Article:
Promoting Fungicide Stewardship 

Botrytis fruit rot on blueberry

Gray mold caused by Botrytis spp. is a damaging disease on blueberry causing in-field crop losses and post-harvest fruit rots. Currently, growers follow a fungicide spray program involving rotations of several site-specific fungicides with different modes of action. The BPP program is generating research-based knowledge about the fungicide resistance profiles of Botrytis spp. in blueberries in Washington fields, which could influence the choice of fungicides used in spray programs.

Online Decision Support System

Mummy berry is one of the most important highbush blueberry diseases in the Pacific Northwest, causing up to 70% yield loss in affected fields. Current management of mummy berry relies on calendar-based fungicide spray applications throughout the growing season in combination with several cultural practices. In February 2022, the BPP program launched a beta version of the first online decision support system to aid mummy berry disease management in northwest Washington, which is freely accessible to public on the WSU AgWeatherNet portal.

Apothecia emerging from mummy berries

Blemish-Free Fresh Market Potatoes

Sporulation of Helminthosporium solani

Silver scurf, a surface blemish disease, poses a persistent problem in all potato production regions. One of the projects in the BPP program seeks to improve our understanding of the pathogen life cycle, characterize the biogeography of fungicide resistance in the pathogen, and develop tools to evaluate field level risk for development of silver scurf.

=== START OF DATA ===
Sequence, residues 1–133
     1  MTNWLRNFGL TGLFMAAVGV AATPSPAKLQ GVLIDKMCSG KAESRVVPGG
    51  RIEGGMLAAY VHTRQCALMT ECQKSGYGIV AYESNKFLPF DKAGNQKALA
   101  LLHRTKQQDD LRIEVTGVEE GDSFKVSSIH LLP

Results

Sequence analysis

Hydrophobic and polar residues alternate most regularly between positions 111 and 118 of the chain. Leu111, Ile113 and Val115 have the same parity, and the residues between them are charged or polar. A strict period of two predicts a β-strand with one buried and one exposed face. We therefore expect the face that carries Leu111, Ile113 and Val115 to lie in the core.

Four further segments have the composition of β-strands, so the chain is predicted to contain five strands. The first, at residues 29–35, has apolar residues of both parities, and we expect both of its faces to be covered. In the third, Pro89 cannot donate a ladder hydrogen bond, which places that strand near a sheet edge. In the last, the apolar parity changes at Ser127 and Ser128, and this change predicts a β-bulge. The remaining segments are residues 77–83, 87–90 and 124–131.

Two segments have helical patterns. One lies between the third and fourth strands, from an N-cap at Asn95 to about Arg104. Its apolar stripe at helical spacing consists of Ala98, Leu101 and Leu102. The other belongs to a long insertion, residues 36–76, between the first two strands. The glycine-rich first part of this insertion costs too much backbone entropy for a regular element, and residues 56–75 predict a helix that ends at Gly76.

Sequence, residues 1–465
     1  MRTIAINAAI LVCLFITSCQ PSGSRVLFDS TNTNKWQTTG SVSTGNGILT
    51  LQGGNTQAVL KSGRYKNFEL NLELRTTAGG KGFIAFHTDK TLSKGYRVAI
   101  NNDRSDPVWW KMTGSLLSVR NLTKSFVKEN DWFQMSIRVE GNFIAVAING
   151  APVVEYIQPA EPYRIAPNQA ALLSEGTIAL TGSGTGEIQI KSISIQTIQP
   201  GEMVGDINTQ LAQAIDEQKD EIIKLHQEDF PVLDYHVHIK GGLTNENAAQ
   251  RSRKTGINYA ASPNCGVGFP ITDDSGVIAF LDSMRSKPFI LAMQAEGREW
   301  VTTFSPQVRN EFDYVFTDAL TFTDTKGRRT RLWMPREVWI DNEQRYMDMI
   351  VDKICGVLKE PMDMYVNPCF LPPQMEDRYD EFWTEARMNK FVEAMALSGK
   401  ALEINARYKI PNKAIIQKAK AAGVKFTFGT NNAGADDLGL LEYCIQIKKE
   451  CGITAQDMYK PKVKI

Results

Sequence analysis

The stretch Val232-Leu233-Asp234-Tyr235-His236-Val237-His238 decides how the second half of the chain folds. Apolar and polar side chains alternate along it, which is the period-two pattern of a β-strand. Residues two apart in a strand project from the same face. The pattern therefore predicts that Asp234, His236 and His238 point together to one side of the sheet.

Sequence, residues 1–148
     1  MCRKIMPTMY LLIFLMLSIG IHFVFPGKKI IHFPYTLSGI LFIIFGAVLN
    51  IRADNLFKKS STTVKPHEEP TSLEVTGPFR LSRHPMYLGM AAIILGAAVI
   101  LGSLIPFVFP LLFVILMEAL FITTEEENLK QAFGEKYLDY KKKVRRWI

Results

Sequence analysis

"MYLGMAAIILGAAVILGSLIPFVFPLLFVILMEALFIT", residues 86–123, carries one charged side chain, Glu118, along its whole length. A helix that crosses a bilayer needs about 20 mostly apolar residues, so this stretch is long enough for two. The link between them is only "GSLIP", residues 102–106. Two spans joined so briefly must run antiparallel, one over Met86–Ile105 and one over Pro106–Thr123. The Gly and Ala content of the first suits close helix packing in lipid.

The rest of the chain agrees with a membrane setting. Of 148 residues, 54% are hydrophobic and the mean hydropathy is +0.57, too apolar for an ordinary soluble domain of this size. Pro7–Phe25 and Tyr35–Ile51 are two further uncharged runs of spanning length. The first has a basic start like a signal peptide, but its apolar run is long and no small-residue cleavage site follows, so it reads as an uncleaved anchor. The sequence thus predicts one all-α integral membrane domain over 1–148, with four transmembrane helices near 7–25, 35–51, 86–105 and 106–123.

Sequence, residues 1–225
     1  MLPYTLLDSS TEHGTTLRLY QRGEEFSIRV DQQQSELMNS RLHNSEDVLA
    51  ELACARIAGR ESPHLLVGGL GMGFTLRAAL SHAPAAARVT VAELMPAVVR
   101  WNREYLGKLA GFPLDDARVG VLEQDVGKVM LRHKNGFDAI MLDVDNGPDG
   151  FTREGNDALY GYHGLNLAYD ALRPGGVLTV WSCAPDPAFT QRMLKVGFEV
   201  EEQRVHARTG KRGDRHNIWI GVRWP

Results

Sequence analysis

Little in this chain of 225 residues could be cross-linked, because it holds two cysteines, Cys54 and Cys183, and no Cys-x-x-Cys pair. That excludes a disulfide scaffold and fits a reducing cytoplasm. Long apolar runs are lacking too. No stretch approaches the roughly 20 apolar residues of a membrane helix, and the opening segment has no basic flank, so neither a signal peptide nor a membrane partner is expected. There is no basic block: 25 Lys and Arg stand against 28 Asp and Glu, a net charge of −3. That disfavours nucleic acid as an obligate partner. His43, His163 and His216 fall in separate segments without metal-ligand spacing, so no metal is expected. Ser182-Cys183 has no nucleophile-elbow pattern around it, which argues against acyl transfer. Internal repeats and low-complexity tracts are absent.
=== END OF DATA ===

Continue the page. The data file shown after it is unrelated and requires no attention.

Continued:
Improving Quality Seed Potato Production

Washington State grows the highest number of potato varieties among all seed potato growing states in the nation. Current seed potato certification involves postharvest grow out tests for virus detection that are time consuming, thereby limiting Washington seed growers’ ability to make critical business management decisions for the forthcoming field season. To overcome this bottleneck, the BPP program is collaborating with Washington seed potato growers and researchers from USDA-ARS to establish a grower-led seed potato tuber sampling protocol and evaluate high throughput laboratory-based PCR testing approaches.

Samplers sampling seed potato tubers